The new Karsh Center for Law and Democracy at the University of Virginia School of Law promises to serve as an institution that promotes and studies core facets of a democratic society.
Established with a gift from Martha and Bruce Karsh, alumni and philanthropists who met at UVA as law students, the center will be led by Professor Micah Schwartzman ’05, an expert in law and religion, jurisprudence, political philosophy and constitutional law.
Schwartzman answered a few questions about establishing an “intellectual home” for scholars, students and public officials.
What are the initial goals of the Karsh Center?
Our initial aim is to promote democratic dialogue and civil discourse through a series of public conversations focused on core principles, including respect for the rule of law, integrity in public office, freedom of speech and press, and the importance of civic engagement. We plan to do this by organizing conferences, workshops and courses that will bring together leaders from the academy, the bar and the bench. Our sense is that sustaining democratic principles and norms requires building relationships around them. And that means forging new and meaningful connections between students, faculty, practicing lawyers, judges and leaders from across the legal profession.
Why is “law and democracy” an important focus right now?
In the last year — and especially in Charlottesville — we have seen alarming attacks on democratic principles. In our own streets, we have witnessed shocking assaults on those representing basic commitments to equality, pluralism and inclusiveness. At the same time, our public rhetoric has become increasingly vicious and polarized, creating conditions in which citizens increasingly cannot hear each other over the noise of partisanship and personal attack. A sustained effort will be necessary to repair this damage over the years to come, and that effort cannot begin soon enough.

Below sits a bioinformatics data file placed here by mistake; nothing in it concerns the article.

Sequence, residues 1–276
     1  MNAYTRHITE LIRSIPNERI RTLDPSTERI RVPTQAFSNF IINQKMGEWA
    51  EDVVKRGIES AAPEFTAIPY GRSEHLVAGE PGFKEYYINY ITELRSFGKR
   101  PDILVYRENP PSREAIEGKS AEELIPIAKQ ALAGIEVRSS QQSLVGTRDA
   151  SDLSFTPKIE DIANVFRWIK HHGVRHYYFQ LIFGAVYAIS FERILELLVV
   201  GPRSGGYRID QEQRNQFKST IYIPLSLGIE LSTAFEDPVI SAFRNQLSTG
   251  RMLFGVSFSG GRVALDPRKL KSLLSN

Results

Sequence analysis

Can you tell us more about yourself as a scholar and how this aligns with your work?
Much of my work focuses on the ethics of political and legal decision-making, especially but not exclusively in the context of law and religion. I have written about the value of sincerity in democratic deliberation and about the need for public officials to give justifications for their actions. Many of our political and legal institutions reflect this demand for reason-giving, which is central to the rule of law and to the legitimacy of a democratic society. And so I see my scholarship as bound up with the core commitments of the Karsh Center.
Where do you see the center 10 years from now?
The Karsh Center will be a focal point for national conversations about law and democracy. With established faculty and distinguished fellows, the center will be a place of continuous and sustained dialogue about the importance of civil discourse, rule of law, public integrity, and the ideals of a pluralistic, inclusive and decent society. My hope is that scholars, students and public officials will find an intellectual home here — a place where they can talk to each other about their common ideals, shore up existing relationships, and build up new ones to advance our commitment to democratic principles and the legal institutions that embody them.
Founded in 1819, the University of Virginia School of Law is the second-oldest continuously operating law school in the nation. Consistently ranked among the top law schools, Virginia is a world-renowned training ground for distinguished lawyers and public servants, instilling in them a commitment to leadership, integrity and community service.